Now, I love watching the little boys in my neighborhood play with trucks in our yard and walk with their parents to work sites to observe diggers. Felix is 17 and his machine dreams have come true. When he comes home from his heavy equipment class at the vocational education center, excited to tell me about what machine he drove, all I feel is joy. I feel joy fluttering up my belly and into my throat, just writing about it!
How can I be the same person who thought she was a failure because her toddler liked to watch trucks? This is evidence of change, and it happened by my being exposed to uncomfortable differences. I loved (and love) my boys and anything that compels them is wonderful. Well, not everything would be wonderful, but I have learned to trust these guys’ instincts, and their engagement is beautiful.
I want to go out on a limb and suggest that Americans need to get uncomfortable to get comfortable again. Thinking about the violence of our opinions about the coronavirus, the right to abortion, the president, the value of Black lives, there is no shortage of matters that create friction and demand attention. How can we begin the work? If I stick to the parallel of my family, it has to begin with love. I could never have gotten over my ideas about boys and machines if I didn’t have love guiding and grounding me. What if patriotism was love for our neighbors? Can I begin to find love for my neighbors near and far, allies and apparent enemies, and help them by engaging in a similar extended period of connection and growth? I’m not sure what that looks like, to be honest with you, but I think that there’s a lot of room to create connections that can help foster individual and community growth. And, of course, I think they can begin with food.
This week, I’m afraid of conflict leading up to and after election day, but I’m happy to see that people are still feeding each other. Of course, the long traditions of spaghetti suppers at churches are not quite the same this year, but there’s a Pizza to the Polls effort, and Chefs for the Polls is an initiative of World Central Kitchen to feed voters waiting in long lines.
What I’m doing is baking election cake. I was feeling wildly anxious, upping my bread consumption to soothe my nerves, and then my friend Ellie said she was making election cake. I’d avoided baking it in 2016 because I was new to sourdough and still afraid of it. But now, I’m ready.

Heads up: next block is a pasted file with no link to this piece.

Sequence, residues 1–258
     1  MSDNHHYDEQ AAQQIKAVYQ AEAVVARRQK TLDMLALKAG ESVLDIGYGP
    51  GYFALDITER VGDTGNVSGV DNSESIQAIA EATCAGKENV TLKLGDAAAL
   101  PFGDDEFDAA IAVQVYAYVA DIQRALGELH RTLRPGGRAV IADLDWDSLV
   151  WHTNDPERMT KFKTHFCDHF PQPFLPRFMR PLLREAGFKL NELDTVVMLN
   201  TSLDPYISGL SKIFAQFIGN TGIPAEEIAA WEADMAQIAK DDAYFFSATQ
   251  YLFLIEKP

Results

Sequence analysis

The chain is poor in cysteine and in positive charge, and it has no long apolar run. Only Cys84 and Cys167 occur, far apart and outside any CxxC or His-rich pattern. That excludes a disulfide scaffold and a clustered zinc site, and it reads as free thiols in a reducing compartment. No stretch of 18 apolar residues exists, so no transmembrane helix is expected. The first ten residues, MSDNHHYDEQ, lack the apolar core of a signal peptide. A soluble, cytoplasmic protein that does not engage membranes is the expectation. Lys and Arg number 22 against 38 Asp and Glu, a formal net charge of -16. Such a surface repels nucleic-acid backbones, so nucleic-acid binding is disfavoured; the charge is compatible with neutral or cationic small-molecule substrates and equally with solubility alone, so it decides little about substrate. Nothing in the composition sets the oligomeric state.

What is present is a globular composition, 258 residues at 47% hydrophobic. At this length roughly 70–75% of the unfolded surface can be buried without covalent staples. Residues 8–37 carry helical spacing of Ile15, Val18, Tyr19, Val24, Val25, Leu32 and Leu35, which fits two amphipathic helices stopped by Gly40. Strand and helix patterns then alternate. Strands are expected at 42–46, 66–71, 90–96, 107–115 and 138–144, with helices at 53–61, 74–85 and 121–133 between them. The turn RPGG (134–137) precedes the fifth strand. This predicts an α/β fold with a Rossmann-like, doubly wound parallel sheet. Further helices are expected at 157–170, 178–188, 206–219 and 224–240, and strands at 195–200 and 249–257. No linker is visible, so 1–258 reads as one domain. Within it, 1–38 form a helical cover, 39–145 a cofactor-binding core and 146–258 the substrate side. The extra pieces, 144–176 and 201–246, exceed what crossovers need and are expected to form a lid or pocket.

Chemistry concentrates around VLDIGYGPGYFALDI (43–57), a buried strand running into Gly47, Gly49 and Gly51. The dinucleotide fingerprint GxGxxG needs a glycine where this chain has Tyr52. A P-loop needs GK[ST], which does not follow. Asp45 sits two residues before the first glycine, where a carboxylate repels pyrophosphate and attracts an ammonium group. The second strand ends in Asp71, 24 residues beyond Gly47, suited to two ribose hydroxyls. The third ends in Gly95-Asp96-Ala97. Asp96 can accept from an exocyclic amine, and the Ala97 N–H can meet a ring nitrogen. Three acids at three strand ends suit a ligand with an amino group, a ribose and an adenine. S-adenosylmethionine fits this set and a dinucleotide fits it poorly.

Susannah Gebhart and Maia Surdam of OWL Bakery in Asheville, North Carolina helped revive the tradition of Colonial era election cakes in the leadup to the last presidential election, inviting bakeries and home bakers to bring celebration into the ritual of voting. Remember that one candidate promised infrastructure? Excitement over the hope of electing the first woman president fueled this baking. Yet OWL kept baking election cake for every election since, selling slices or sometimes whole cakes to benefit the League of Women Voters.
Anna Brones’ interviewed Maia Surdam about the cake and made this great writeup on Comestible, her food inquisition platform. Sarah Owens’ take on election cake accompanies the article. I learned about these because I spoke with Maia, wanting to catch up with her and see how the idea and reality of the cake sat with her right now. She told me about bringing election cake to the farmers’ market last weekend, and how wonderful it was to talk with people about the history. An important part of the cake is the sharing process, Maia said -- sharing the recipe, sharing the story. And the fact that democracy, like this recipe, needs to be nurtured. This isn’t a swift endeavor. You have to soak the fruit, and plan your levain or sponge, if you’re making a yeasted cake. Voting needs planning and forethought, too. Neither making the cake nor placing your vote can be taken for granted.
“This cake is nourishing to the soul because you’re eating a tradition of honoring democracy. It’s special,” said Maia.
Here’s a link to the OWL recipe for home bakers, and there are plenty around to try — like this one from Kim O’Donnel. I’m soaking my fruit and starting my levain, and I’d love to take my cakes down to the farmers’ market and hand them out to people. I wish I could have exchanges about food in public! But because of infection concerns, passing out homemade food will be poorly received at the market or on a voting line, so I’m keeping my sharing circles tight.
Even if you don’t want to bake election cake, why don’t you see if your neighbors want some cookies or mac and cheese for Tuesday night? It’s a good way to ask if they’ve got voting plans, and your neighbors might be thrilled. Maybe this community care is its own type of forgotten soft infrastructure we need to restore.